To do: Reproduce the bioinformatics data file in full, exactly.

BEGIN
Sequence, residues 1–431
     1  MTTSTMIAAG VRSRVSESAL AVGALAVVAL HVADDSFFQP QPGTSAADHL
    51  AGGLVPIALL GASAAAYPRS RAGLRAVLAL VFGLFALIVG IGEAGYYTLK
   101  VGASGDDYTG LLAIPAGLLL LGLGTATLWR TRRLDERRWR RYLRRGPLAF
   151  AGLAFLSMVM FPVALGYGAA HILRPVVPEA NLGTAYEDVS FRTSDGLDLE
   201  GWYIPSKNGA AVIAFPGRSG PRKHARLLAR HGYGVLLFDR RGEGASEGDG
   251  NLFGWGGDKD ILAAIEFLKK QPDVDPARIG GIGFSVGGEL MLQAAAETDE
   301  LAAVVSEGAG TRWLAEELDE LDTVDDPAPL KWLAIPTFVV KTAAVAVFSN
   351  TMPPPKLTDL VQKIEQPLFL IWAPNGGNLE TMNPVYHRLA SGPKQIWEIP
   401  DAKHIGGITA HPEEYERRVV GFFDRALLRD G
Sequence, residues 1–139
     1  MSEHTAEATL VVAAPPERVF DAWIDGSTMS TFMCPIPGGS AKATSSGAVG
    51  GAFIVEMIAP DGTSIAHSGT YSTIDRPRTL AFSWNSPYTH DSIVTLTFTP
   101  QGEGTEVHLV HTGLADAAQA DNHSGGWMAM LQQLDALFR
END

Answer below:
Sequence, residues 1–431
     1  MTTSTMIAAG VRSRVSESAL AVGALAVVAL HVADDSFFQP QPGTSAADHL
    51  AGGLVPIALL GASAAAYPRS RAGLRAVLAL VFGLFALIVG IGEAGYYTLK
   101  VGASGDDYTG LLAIPAGLLL LGLGTATLWR TRRLDERRWR RYLRRGPLAF
   151  AGLAFLSMVM FPVALGYGAA HILRPVVPEA NLGTAYEDVS FRTSDGLDLE
   201  GWYIPSKNGA AVIAFPGRSG PRKHARLLAR HGYGVLLFDR RGEGASEGDG
   251  NLFGWGGDKD ILAAIEFLKK QPDVDPARIG GIGFSVGGEL MLQAAAETDE
   301  LAAVVSEGAG TRWLAEELDE LDTVDDPAPL KWLAIPTFVV KTAAVAVFSN
   351  TMPPPKLTDL VQKIEQPLFL IWAPNGGNLE TMNPVYHRLA SGPKQIWEIP
   401  DAKHIGGITA HPEEYERRVV GFFDRALLRD G
Sequence, residues 1–139
     1  MSEHTAEATL VVAAPPERVF DAWIDGSTMS TFMCPIPGGS AKATSSGAVG
    51  GAFIVEMIAP DGTSIAHSGT YSTIDRPRTL AFSWNSPYTH DSIVTLTFTP
   101  QGEGTEVHLV HTGLADAAQA DNHSGGWMAM LQQLDALFR